The study, published in the journal American Heart Association, focused on smoking at an early age, using information obtained directly from children and adolescents in the 1970s to 1980s and re-contacting many of them as recently as 2018.
"Based on our data coupled with a variety of other evidence, we found childhood smoking leads to adult smoking," said study lead author David Jacobs from the University of Minnesota in the US.
For the findings, the research team analysed smoking information on more than 6,600 people (57 per cent female) between the ages of 6-19 and during their 20s and 40s, from Finland, Australia and the US.
Participants were followed from childhood into middle age as part of the International Childhood Cardiovascular Cohort Consortium.
The study analysis found that adolescents who smoked the most and children who started smoking at younger ages were more likely to be daily smokers in their 20s and were less likely to quit smoking by their 40s.
Even children who only tried smoking at a very minimal level - a few cigarettes - were more likely to end up as a daily adult smoker.
The percentage of participants who smoked daily during their 20s was eight per cent for those who first tried smoking at age 18-19; 33 per cent for those who first tried smoking at age 15-17; 48 per cent for those who first tried smoking at age 13-14; and 50 per cent for those who first tried smoking during ages 6-12.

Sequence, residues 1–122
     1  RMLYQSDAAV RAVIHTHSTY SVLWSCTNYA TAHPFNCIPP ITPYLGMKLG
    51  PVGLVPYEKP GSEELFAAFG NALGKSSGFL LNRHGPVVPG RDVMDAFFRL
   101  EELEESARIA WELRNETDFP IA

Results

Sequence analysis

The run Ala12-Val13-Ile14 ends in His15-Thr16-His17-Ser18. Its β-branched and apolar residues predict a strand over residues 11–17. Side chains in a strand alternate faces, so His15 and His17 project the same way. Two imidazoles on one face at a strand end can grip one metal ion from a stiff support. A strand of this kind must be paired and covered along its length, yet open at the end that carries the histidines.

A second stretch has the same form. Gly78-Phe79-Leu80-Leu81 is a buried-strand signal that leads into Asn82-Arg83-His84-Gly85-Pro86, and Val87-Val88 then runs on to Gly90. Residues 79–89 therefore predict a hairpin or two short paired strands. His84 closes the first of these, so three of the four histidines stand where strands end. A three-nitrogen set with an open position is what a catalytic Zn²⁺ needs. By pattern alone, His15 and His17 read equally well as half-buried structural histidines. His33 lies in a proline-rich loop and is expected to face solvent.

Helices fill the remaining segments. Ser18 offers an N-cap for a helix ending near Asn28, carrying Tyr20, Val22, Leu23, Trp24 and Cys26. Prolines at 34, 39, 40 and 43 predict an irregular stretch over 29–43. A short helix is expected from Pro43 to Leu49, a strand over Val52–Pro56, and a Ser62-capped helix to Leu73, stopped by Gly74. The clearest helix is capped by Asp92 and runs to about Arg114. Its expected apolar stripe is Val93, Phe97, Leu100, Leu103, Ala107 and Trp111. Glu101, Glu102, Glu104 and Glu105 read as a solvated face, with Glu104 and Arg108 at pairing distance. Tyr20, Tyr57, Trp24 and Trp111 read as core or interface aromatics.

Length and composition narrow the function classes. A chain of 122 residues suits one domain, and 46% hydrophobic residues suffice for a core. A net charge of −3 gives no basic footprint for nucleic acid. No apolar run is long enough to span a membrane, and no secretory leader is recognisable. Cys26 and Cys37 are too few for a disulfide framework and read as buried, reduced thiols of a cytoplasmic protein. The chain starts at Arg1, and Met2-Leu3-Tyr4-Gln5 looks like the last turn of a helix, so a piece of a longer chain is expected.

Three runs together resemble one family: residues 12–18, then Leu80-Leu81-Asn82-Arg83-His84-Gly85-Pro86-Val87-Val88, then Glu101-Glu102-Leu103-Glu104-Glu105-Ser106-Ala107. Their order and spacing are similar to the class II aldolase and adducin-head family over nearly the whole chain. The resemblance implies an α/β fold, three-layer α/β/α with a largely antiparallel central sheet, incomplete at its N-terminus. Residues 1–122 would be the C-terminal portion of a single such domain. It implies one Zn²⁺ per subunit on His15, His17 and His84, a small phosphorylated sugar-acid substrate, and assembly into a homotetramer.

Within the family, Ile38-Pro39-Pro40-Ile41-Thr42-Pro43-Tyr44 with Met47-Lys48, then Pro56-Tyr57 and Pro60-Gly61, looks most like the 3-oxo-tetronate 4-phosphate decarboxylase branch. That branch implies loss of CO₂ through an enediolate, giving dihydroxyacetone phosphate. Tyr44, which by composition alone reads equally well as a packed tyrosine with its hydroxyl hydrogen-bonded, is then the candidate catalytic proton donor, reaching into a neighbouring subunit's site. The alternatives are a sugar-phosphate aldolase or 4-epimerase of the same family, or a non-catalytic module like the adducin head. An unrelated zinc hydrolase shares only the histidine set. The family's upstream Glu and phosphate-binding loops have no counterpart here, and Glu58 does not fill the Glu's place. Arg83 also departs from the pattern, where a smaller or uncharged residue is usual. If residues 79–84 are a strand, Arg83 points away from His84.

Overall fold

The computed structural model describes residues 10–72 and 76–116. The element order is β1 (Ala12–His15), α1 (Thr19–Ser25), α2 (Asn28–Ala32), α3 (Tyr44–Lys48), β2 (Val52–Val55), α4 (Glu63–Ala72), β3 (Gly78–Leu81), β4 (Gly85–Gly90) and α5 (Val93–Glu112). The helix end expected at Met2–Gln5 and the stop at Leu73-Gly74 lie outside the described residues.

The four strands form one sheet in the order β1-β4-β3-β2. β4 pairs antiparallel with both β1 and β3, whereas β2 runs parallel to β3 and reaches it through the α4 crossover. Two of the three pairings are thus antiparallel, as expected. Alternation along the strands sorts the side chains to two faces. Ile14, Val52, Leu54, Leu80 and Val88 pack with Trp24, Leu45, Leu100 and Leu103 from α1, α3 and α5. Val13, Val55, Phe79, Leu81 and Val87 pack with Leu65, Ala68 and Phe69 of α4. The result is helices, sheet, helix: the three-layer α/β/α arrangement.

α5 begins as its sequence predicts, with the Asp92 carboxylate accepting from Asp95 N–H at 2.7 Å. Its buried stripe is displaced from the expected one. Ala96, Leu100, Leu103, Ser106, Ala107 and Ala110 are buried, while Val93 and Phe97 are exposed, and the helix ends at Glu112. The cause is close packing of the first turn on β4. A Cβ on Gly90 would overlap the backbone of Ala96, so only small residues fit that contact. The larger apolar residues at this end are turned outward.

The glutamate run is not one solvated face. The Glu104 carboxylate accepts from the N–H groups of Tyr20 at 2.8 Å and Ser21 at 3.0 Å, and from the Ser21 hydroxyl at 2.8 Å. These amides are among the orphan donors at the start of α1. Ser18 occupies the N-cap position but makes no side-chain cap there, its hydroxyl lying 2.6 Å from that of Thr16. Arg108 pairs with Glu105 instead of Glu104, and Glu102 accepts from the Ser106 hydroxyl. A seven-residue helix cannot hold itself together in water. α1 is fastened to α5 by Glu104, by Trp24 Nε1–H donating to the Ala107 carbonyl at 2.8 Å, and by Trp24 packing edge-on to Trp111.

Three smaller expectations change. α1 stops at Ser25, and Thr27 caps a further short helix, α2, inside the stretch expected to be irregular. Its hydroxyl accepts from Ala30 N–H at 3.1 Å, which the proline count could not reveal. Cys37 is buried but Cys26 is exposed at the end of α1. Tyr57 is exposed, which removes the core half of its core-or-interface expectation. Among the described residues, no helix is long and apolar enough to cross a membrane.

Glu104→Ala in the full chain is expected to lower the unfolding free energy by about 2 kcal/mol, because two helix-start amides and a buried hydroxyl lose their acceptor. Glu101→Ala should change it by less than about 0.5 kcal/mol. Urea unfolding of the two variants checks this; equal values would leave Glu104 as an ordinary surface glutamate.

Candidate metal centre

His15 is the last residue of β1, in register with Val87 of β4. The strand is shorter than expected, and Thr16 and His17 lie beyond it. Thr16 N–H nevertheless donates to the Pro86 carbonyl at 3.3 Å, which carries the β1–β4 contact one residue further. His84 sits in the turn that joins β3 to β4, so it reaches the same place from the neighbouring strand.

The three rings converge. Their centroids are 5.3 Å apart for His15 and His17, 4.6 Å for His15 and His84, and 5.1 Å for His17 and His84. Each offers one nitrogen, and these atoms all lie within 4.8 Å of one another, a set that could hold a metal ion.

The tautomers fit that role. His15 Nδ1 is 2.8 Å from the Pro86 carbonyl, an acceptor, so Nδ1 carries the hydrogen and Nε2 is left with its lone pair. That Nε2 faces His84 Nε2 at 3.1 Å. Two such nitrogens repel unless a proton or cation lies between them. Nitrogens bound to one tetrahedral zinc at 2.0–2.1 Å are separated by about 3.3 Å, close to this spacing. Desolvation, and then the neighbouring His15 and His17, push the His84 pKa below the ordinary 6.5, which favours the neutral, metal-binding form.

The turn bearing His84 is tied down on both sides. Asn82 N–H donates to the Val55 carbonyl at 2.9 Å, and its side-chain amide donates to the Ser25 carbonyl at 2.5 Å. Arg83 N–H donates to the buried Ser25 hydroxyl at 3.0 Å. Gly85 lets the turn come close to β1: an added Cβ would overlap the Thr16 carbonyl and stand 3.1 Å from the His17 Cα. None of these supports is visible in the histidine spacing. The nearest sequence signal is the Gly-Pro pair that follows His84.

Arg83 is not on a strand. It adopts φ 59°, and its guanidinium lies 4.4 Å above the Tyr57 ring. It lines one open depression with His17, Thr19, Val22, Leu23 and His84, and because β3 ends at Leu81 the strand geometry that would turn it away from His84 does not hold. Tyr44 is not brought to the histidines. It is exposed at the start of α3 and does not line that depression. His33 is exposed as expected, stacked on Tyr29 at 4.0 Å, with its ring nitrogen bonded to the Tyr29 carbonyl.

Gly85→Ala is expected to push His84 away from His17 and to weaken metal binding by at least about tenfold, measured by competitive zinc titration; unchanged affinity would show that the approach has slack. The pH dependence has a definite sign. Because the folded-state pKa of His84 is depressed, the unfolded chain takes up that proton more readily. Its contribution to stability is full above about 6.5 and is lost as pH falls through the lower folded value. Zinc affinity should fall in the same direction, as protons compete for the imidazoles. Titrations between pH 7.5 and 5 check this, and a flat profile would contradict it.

Only 2.6 per cent of participants who took up smoking for the first time after their 20s smoked in their 40s, the study said.
Although the current study was conducted in three developed nations, the researchers believe that the results likely apply more broadly.
"Even in low income and developing countries, the societal reinforcement of smoking, the basic addictive qualities of nicotine, and the maturation of children and children's judgment through adolescence are universal," said Jacobs.
"Cigarette smoking is an avoidable health risk, and its seeds are in childhood. Cigarette smoking, even experimentally, among children of any age should be strongly discouraged," Jacobs concluded.